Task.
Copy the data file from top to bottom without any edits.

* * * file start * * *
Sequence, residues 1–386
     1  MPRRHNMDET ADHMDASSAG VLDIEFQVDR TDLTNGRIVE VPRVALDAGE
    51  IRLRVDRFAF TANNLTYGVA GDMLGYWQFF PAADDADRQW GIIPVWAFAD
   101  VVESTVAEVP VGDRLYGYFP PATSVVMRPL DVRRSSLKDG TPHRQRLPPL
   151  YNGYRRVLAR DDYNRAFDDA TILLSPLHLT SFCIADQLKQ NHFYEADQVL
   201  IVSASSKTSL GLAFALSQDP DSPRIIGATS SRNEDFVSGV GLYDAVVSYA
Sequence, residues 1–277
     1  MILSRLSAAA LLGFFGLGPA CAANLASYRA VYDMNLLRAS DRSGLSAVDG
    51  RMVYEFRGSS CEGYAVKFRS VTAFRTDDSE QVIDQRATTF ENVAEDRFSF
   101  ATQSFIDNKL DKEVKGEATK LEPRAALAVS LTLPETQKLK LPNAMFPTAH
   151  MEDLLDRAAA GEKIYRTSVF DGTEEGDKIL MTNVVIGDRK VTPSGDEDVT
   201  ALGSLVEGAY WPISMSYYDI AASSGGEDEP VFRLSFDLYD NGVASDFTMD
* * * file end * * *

Sequence, residues 1–386
     1  MPRRHNMDET ADHMDASSAG VLDIEFQVDR TDLTNGRIVE VPRVALDAGE
    51  IRLRVDRFAF TANNLTYGVA GDMLGYWQFF PAADDADRQW GIIPVWAFAD
   101  VVESTVAEVP VGDRLYGYFP PATSVVMRPL DVRRSSLKDG TPHRQRLPPL
   151  YNGYRRVLAR DDYNRAFDDA TILLSPLHLT SFCIADQLKQ NHFYEADQVL
   201  IVSASSKTSL GLAFALSQDP DSPRIIGATS SRNEDFVSGV GLYDAVVSYA
Sequence, residues 1–277
     1  MILSRLSAAA LLGFFGLGPA CAANLASYRA VYDMNLLRAS DRSGLSAVDG
    51  RMVYEFRGSS CEGYAVKFRS VTAFRTDDSE QVIDQRATTF ENVAEDRFSF
   101  ATQSFIDNKL DKEVKGEATK LEPRAALAVS LTLPETQKLK LPNAMFPTAH
   151  MEDLLDRAAA GEKIYRTSVF DGTEEGDKIL MTNVVIGDRK VTPSGDEDVT
   201  ALGSLVEGAY WPISMSYYDI AASSGGEDEP VFRLSFDLYD NGVASDFTMD